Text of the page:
Telecoms companies should use cloud technology to enable business transformation, not just to move their network functions onto cloud platforms.
That’s a message the industry has heard before, but what does it mean in terms of defining a cloud strategy?
Peng Song, President, Carrier Business Group Marketing & Solution Sales Department, Huawei, had some topline answers as he introduced Huawei’s Carrier Cloud Transformation Summit on Wednesday. His speech also indicated the strategic value that Huawei now places on being a cloud platform provider to telcos.
He acknowledged that carriers can only stay competitive by building “an efficient and agile ICT infrastructure”. That means they should consider the role of distributed edge clouds, how to engage with public cloud providers, and the ways in which they can use their cloud platforms to collaborate with others and to extract business benefits.
Peng said, “Operators should be leveraging the unique strengths of the telecom industry, to use cloud capabilities to magnify the values of telecom networks and services.”
Carriers, of course, are already well aware, with a variety of strategies to implement cloud native strategies and use of cloud technologies in place. Indeed, Peng claimed that 15% of carriers would have fully implemented a comprehensive cloud strategy by the end of 2023.
But he said that carriers needed to be aware of three things as they move forward, all of which play into that strategy of using cloud to leverage the values of connectivity, rather than just act as a new host for the network.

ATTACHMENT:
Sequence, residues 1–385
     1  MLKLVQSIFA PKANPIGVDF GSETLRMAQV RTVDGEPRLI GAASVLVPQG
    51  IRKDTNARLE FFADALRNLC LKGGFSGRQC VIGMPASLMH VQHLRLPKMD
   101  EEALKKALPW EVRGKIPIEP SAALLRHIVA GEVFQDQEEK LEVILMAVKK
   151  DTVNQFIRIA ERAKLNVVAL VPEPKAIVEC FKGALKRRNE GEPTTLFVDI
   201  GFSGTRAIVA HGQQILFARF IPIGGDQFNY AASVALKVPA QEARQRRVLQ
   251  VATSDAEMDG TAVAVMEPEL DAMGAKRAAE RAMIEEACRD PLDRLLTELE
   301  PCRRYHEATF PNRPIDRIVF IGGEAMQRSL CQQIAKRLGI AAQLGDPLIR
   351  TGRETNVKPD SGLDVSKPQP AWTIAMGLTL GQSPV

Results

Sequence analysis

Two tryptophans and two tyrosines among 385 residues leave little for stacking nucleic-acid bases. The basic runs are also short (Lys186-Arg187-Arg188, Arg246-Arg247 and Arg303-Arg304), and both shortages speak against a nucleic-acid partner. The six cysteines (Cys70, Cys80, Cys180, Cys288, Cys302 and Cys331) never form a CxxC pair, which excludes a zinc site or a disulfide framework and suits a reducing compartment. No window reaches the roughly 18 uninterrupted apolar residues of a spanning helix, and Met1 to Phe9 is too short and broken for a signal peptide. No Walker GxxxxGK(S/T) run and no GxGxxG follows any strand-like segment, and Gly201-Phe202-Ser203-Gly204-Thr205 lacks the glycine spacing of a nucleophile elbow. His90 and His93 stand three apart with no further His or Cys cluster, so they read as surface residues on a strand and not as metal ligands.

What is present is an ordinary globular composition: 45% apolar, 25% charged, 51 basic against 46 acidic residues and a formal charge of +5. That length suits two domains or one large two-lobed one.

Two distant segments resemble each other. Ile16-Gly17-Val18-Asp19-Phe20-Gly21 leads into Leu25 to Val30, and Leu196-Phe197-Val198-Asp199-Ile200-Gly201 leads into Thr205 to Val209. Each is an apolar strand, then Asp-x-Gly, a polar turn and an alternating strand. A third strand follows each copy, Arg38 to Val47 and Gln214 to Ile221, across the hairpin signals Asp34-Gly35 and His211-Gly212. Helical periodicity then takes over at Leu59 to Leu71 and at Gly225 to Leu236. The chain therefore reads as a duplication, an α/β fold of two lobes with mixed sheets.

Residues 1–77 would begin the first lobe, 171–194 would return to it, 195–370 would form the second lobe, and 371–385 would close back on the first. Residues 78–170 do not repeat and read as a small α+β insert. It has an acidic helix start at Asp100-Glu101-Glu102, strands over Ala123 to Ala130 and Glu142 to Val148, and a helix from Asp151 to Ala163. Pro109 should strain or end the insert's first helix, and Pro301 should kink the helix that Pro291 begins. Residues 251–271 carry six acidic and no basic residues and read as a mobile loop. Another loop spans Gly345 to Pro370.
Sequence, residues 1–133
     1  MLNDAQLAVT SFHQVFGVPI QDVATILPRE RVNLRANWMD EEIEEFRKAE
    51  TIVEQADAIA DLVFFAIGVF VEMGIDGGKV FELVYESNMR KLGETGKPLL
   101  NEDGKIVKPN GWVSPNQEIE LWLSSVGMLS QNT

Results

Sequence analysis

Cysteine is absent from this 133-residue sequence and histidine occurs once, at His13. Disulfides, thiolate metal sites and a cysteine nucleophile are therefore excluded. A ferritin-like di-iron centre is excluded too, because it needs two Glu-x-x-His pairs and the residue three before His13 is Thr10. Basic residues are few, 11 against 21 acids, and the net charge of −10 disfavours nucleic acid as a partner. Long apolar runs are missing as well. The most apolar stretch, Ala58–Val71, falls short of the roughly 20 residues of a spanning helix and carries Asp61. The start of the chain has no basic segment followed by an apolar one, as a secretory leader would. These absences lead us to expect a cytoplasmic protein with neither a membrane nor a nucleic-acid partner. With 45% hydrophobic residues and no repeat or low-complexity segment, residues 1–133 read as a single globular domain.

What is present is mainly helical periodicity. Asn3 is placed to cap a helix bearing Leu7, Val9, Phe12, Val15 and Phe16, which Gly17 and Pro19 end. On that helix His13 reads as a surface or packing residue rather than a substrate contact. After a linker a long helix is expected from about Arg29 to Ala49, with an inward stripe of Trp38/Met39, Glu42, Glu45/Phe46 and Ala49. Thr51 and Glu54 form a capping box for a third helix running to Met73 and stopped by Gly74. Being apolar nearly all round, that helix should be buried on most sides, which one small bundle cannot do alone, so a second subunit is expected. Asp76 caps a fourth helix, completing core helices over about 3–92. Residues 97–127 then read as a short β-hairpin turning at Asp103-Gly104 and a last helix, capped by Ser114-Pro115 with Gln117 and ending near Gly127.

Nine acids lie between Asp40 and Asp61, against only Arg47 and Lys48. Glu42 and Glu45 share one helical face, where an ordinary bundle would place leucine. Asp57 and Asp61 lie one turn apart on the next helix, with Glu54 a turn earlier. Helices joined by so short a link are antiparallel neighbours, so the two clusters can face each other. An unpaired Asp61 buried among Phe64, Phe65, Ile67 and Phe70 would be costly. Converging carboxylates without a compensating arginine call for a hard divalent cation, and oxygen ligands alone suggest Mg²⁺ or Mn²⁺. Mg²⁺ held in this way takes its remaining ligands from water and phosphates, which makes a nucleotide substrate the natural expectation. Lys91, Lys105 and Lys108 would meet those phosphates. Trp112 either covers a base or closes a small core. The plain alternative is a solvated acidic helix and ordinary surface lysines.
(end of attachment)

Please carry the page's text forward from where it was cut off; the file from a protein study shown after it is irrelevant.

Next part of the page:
First, they should use cloud to get closer to customers, literally and in business terms. Peng claimed that Chinese operators’ distributed cloud strategy is increasing the addressable market space in industry and enterprise by 25%, especially as they reach further into providing industry vertical solutions.
Second, Peng said that the cloud platform that carriers use should be able to support co-innovation and co-operation for launching new services. He said one European customer has shortened time-to-market by 75% for one digital service by using an agile development platform and telecom PaaS capabilities.
Third, he said that the cloud architecture that telcos adopt must be able to “proactively adapt to the telecom service architecture,” meeting telco-specific security and management requirements. To enable this, telcos should adopt a “rational timeline of cloud transformation” so that they can onboard services safely and without disruption.
That might mean, as with one Asian customer’s CEM applications, deploying less sensitive businesses on the public cloud, with more critical applications on a local dedicated cloud to give customers more control of their data. Peng said this customer had increased the effectiveness of its 5G marketing offers by 180% by correlating and analysing OSS and BSS data across its cloud-based distributed data lake.
Clearly, Huawei is pushing ahead with the cloud within telcos, seeing it as strategically important because it aligns networks with IT and business operations. Huawei currently has more than 120 customer references for cloud solutions, Peng said, adding that the company will “continue to make strategic investments in ICT” to enable cloud transformation for carrier customers. He also mentioned that the company will leverage its global localisation services capabilities, which addresses another issue facing operators, the cloud and development skills gap among their workforce.